Several of the E. Najas have developed side shoots. I'm waiting till they grow in more before trimming and replanting them. A couple of my original stems of these didn't quite make it though.

The L. Arcuata seems to be the only wild card so far... they lost most of their leaves but since then seem to be stabilized. The jury is still out though.
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Old 07-12-2011, 04:57 PM   #9
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Quote:
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Believe it or not I had actually sketched a whole layout but the day the plants arrive was crazy busy I didn't start planting the tank until after 10pm and was really far too tired to have even started.
Quite understand for I have done the same thing. One time put it off and the plants died. Thus I think it best to plant as soon as possible for you never know what obstacles you have the next day to deal with.
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The L. Arcuata seems to be the only wild card so far... they lost most of their leaves but since then seem to be stabilized. The jury is still out though.
It is a nitrate hog. Dosing with potassium nitrate(KNO3) should help revive it. Dose daily for a week then daily (1tsp daily/ 1Tbs wkly). KNO3 dry can be bought dry here. For liquid form I like Seachem potassium. Cheapest here (dose 5ml daily/ 10ml wkly).

What ferts are you dosing?
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Old 07-12-2011, 06:22 PM   #10
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looks good, I agree with the others about the white rock fitting in and the wood placement.

you could try pygmy chain sword as a foreground plant.
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Old 07-12-2011, 07:09 PM   #11
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I'm not using any ferts other than fish waste and fish food and the soil substrate.

I may end up getting some ferts to use for emergencies but all-in-all I'm trying to manipulate the tanks as little as possible. I'm sure I'll loose some plants (and be limited in species) at the cost of experience but in the long run it will be worth it.
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Old 07-13-2011, 02:55 AM   #12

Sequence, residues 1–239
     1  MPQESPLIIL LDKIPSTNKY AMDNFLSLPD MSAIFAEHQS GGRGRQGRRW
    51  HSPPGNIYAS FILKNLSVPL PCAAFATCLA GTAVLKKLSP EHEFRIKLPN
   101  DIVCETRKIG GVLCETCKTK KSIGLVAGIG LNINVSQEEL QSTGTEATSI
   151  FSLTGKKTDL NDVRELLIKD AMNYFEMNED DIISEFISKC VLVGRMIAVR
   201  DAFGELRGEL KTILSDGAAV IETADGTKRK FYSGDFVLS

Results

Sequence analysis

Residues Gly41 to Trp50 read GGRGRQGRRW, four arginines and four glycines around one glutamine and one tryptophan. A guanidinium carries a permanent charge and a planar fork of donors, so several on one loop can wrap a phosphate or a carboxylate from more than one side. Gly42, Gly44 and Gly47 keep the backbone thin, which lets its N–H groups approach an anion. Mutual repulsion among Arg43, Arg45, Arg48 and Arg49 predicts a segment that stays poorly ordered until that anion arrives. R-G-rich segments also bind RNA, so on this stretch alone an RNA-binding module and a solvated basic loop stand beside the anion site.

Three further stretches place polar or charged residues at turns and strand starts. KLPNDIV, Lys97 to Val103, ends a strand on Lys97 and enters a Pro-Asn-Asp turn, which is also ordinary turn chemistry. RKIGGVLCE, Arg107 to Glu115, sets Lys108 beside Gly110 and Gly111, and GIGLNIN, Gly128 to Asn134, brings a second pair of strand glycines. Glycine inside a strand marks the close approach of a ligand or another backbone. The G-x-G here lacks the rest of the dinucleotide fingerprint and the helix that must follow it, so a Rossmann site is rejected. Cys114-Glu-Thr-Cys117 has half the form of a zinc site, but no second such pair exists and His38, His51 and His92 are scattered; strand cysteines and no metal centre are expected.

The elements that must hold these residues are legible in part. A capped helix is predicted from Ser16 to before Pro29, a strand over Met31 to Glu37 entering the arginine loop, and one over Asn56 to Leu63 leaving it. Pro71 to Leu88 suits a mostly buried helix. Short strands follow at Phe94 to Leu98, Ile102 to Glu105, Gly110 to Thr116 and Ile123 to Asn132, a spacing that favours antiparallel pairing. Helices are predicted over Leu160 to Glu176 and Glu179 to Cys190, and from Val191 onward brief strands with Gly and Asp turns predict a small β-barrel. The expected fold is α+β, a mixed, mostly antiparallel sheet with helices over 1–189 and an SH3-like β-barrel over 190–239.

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Well I thought I got rid of the hair algae but today I see that my java fern has a couple leaves just loaded with it... it's the only algae I see in the tank though. This fern's leaves were very black when I received it and I just don't think it "take root" quick enough to stave off the attack.
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Old 07-13-2011, 03:12 AM   #13
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I see that my java fern has a couple leaves. I just don't think it "take root" quick enough to stave off the attack.
Take it out and spray with excel or peroxide is the fastest way to deal with it. They don't take root.
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Old 07-13-2011, 04:29 AM   #14
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They don't take root.

hehe, I meant "take root" as in establishing itself after being shipped and then placed in a new environment... hence the quotes.

Thanks for the tip on the peroxide... do I use straight-up peroxide or do I dilute it?
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Old 07-13-2011, 04:51 AM   #15
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I may end up getting some ferts to use for emergencies.
I'm trying to manipulate the tanks as little as possible.
I would recommend Seachem Excel.
Yeh it is cheaper in the long run to just keep plants that work for you.
I accidentally found that overfeeding my fish increased my nitrates, which were 0 at 1 time.
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Do I use straight-up peroxide or do I dilute it?
It is already diluted. Soak it in peroxide for 5min may help. Nothing is certain when dealing with nature.